My midwife tried to insert the catheter, but was unable to due to bub's head pressing on my bladder. No wonder i couldn't empty it myself! So we decided to focus on getting bub out and then the catheter in.
This is where my easy birth turned into hard work. I pushed on my side. I pushed on my back. I tried a few contractions on my knees but very quickly realised my back was the most comfortable and effective. I pushed with each contraction until bub's head was about 5cm visible across, but at this point i wasn't stretching any further. My midwife tried perineal massage, but there was a tight band of skin/muscle that just wasn't thinning and stretching any further. Bub was doing well, heart rate dipping as i pushed and recovering to baseline as the contraction finished.
After around 3 hours pushing out of the pool, my team were getting very concerned about possible bladder damage and a fourth degree tear - my perineum was getting shorter and thinner but the rest of the area was not stretching. There was a lot of discussion going on according to hubby - i was unaware of most of it other than i was starting to tire - from 5 or so surges per contraction i was now only getting about 2 and the rest of the time i was just pushing myself rather than with contractions. My midwife told me i could do this - but that if it didn't happen within the next 20 minutes she'd like me to consider an episiotomy.
Our toddler had woken up by this point (5am) and was downstairs with us. He wasn't the least bit scared, just gave me a kiss and sat down to his breakfast.
I pushed as hard as i could for the next few contractions. There was no change at all, so i told her to go right ahead and cut me. This was apparently only the second one she'd had to do during a homebirth, and it was clear to me that she didn't want to do it but rather thought it safer than a fourth degree tear. So she numbed the area (small sting) and then cut, and waited for me to push, and then cut a little more and my team all told me to push as hard as i could. Hubby distracted our toddler while this was done. One push and i could feel the difference - baby was crowning! Another push and his head was out!! Our toddler was leaning over my shoulder, fascinated that he could see 'his baby'.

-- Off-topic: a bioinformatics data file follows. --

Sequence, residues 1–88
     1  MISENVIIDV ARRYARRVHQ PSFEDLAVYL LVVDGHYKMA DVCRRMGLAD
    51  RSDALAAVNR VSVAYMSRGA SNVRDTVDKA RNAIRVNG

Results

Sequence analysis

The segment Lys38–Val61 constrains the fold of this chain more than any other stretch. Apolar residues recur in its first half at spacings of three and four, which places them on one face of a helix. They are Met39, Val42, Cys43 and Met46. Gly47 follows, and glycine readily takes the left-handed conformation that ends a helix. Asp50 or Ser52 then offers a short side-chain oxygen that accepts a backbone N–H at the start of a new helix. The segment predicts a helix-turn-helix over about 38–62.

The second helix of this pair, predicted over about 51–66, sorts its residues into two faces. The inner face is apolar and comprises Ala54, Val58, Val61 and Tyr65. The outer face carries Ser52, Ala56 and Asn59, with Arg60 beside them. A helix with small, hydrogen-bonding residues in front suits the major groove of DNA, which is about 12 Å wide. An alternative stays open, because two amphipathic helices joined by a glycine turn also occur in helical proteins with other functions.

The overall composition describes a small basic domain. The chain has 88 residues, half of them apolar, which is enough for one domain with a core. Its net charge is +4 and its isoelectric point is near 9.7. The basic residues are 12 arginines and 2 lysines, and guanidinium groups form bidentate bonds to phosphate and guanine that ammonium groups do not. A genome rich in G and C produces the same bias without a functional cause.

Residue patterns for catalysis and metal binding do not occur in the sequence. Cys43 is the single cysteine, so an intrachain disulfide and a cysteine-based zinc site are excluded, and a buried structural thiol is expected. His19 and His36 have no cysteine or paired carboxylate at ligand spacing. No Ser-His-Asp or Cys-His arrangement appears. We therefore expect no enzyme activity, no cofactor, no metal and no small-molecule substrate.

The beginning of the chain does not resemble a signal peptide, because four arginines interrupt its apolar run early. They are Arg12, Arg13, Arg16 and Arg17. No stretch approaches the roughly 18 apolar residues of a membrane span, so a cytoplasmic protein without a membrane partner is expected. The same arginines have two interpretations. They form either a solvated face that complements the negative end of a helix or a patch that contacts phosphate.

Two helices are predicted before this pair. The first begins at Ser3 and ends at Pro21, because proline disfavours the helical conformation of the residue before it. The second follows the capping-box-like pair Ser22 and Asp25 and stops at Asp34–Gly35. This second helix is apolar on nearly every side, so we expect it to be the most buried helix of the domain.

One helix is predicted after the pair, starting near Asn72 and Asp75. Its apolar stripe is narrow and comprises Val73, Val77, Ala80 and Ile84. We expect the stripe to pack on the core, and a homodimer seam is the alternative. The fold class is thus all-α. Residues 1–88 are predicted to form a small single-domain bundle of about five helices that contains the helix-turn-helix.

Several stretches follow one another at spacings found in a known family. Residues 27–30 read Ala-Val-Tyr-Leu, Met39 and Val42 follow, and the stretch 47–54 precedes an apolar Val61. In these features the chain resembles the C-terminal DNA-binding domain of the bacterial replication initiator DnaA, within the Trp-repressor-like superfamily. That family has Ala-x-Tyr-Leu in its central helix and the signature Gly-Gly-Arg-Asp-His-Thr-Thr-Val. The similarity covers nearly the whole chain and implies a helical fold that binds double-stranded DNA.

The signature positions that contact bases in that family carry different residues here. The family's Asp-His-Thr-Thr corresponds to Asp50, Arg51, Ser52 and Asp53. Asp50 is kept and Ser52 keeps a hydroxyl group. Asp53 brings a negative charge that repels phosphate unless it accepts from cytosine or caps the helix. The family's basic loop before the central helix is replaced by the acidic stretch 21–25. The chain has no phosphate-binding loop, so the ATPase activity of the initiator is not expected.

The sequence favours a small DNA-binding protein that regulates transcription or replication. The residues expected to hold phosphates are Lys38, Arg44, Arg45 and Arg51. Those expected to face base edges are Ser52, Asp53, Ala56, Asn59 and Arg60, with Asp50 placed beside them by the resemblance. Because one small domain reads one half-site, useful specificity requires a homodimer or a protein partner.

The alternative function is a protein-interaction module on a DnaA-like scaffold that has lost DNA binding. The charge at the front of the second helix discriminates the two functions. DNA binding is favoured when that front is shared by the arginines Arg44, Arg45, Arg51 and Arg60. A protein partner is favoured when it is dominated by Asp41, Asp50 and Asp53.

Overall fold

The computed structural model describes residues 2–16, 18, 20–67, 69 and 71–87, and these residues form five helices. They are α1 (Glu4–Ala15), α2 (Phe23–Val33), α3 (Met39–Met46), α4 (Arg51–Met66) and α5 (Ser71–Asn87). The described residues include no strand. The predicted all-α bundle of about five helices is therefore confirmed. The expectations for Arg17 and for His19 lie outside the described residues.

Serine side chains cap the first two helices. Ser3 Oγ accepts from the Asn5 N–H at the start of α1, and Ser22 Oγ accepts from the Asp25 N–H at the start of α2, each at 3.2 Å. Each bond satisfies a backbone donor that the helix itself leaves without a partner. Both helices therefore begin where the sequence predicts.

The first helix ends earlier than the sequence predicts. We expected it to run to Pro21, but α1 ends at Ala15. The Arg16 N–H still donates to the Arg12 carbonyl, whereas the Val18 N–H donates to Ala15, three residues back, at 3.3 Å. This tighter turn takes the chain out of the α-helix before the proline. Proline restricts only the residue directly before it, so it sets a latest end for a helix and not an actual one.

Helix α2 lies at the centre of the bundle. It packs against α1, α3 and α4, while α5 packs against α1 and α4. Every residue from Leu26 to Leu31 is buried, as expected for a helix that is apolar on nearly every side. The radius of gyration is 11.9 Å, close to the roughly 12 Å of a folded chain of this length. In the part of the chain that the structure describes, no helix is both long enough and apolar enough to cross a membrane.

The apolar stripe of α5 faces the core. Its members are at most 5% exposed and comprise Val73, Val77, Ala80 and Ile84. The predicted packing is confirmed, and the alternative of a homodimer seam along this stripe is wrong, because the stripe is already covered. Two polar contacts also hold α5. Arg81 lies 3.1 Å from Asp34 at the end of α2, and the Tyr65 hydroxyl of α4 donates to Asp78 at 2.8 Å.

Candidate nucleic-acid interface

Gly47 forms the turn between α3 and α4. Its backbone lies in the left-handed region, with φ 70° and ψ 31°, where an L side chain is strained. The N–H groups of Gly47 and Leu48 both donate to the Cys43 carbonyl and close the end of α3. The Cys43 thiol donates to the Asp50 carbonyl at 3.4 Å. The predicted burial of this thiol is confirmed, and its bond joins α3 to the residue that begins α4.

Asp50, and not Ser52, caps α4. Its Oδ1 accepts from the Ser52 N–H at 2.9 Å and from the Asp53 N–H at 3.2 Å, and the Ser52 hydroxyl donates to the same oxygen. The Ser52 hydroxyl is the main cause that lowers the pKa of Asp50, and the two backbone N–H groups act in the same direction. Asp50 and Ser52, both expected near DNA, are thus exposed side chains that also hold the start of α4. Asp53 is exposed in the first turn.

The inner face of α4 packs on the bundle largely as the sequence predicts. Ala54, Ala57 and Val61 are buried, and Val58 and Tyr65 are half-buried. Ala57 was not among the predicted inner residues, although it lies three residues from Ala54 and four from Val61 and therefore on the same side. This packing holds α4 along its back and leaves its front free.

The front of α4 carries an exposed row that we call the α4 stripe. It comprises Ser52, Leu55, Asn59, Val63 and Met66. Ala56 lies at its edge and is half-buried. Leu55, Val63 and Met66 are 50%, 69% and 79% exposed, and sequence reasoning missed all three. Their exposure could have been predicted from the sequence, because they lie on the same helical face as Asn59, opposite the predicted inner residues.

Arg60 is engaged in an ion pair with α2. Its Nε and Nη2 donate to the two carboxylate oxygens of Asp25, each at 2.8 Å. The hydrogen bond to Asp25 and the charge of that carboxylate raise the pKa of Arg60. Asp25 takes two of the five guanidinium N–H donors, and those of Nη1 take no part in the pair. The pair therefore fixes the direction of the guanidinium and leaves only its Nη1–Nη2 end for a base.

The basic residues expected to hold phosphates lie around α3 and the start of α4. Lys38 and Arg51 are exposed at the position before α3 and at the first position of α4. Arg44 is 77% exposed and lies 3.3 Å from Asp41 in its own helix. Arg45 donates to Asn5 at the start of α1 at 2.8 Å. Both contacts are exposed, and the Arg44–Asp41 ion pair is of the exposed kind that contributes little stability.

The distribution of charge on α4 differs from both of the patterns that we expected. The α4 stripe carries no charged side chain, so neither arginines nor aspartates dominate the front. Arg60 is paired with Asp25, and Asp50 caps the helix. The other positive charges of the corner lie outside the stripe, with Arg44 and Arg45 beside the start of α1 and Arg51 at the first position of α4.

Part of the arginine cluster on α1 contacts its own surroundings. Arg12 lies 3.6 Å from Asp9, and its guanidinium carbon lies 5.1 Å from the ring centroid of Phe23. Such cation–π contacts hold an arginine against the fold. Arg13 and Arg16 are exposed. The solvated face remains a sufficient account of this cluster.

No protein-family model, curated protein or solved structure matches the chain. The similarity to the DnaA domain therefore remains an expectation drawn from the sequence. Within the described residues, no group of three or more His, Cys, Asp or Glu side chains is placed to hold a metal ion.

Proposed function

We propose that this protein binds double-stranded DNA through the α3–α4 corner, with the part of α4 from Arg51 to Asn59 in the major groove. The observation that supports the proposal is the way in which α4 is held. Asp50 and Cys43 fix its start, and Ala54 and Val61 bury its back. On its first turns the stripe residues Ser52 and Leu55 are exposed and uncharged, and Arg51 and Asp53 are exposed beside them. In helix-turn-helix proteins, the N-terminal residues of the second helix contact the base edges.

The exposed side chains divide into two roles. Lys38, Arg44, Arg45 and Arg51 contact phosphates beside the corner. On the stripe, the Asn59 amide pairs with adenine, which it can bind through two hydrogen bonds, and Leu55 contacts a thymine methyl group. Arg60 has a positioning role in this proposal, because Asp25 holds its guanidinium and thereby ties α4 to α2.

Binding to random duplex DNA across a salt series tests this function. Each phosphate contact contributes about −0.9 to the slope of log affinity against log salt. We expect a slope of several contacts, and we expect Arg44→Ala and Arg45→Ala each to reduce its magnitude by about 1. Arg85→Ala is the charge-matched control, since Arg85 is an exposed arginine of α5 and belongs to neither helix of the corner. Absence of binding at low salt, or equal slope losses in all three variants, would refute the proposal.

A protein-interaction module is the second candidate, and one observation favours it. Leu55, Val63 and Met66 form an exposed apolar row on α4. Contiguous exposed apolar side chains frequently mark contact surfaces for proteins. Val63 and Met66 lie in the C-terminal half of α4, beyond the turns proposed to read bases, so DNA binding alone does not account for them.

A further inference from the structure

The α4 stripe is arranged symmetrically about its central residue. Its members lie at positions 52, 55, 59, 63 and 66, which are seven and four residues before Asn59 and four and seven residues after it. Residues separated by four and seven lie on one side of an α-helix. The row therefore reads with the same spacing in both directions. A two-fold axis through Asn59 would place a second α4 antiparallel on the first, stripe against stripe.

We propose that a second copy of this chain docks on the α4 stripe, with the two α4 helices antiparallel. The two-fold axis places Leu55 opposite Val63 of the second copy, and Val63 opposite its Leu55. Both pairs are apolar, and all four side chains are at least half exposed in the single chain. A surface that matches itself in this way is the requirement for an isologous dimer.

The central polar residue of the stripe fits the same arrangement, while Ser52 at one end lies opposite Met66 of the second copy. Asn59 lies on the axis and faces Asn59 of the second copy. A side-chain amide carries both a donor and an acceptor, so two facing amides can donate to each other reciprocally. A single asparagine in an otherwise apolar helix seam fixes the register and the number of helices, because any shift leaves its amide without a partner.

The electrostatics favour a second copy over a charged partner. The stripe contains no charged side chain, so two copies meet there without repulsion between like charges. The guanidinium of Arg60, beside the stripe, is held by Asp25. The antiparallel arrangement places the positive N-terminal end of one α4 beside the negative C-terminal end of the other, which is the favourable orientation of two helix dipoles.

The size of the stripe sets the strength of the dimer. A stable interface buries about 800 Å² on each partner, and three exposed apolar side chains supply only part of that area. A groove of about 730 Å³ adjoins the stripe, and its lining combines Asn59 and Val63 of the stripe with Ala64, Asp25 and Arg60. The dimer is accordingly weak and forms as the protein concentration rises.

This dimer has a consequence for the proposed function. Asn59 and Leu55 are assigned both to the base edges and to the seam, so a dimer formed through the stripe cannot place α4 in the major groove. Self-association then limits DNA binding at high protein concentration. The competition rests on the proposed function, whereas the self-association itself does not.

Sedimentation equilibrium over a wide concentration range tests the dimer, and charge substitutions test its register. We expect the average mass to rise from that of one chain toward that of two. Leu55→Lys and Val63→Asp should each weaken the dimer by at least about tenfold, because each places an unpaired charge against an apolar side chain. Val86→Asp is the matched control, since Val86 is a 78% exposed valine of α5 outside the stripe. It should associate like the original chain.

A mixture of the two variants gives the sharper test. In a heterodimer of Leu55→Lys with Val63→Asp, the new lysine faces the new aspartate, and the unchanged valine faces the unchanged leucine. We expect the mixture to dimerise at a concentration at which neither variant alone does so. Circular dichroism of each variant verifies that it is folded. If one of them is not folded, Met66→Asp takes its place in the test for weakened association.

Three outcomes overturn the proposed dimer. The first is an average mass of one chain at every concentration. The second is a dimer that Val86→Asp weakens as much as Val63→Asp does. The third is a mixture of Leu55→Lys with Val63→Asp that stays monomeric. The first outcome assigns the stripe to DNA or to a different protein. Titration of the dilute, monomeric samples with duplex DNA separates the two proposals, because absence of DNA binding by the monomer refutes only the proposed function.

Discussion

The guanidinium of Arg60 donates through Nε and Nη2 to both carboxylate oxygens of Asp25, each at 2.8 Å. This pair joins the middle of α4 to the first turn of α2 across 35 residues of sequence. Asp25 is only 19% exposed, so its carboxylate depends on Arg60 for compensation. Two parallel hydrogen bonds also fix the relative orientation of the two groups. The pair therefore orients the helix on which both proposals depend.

At this point my birth team were all excited and told me to push again, then suddenly the atmosphere changed to one of urgency and i was told to push as hard as i could and to keep pushing. I was calm and pushed as hard as i could - i had an idea what was wrong. Baby's shoulder was stuck under my pubic bone. My midwife held his head (i think) and tried to hook a finger under his armpit to rotate the shoulder, my backup midwife helped by pushing on my stomach. It didn't take long and all of a sudden his shoulder popped free and i pushed again and out he shot in a rush of body and the rest of the amniotic fluid!
Hubby had him round the chest and as my midwife unwrapped the cord from his neck he lifted him up and onto my belly for me to see. "My baby!", said our toddler.
I did it!
It seemed the most normal thing in the world, to finish off a pregnancy by pushing out a baby. It was as though i'd always known i could and would do it. There was no huge sense of achievement with my HBAC - just a kind of 'of course you did' feeling :) Still pretty awesome though and i feel great about it even now, three weeks later.
I feel i chose my birth place and team well - there is no way i'd have been 'allowed' to push that long in a hospital without a fight, or several interventions along the way, possibly too early and resulting in foetal distress and then a c section. My team never faltered, always encouraging me, and kept all discussion of complications in whispers away from my earshot. The one time i said, "I can't," (in regards to i couldn't keep pushing as my contractions were running out of steam) the entire team chimed in, "Yes you can!" which almost made me giggle had i not been so tired at that point.
Continued in Part 3...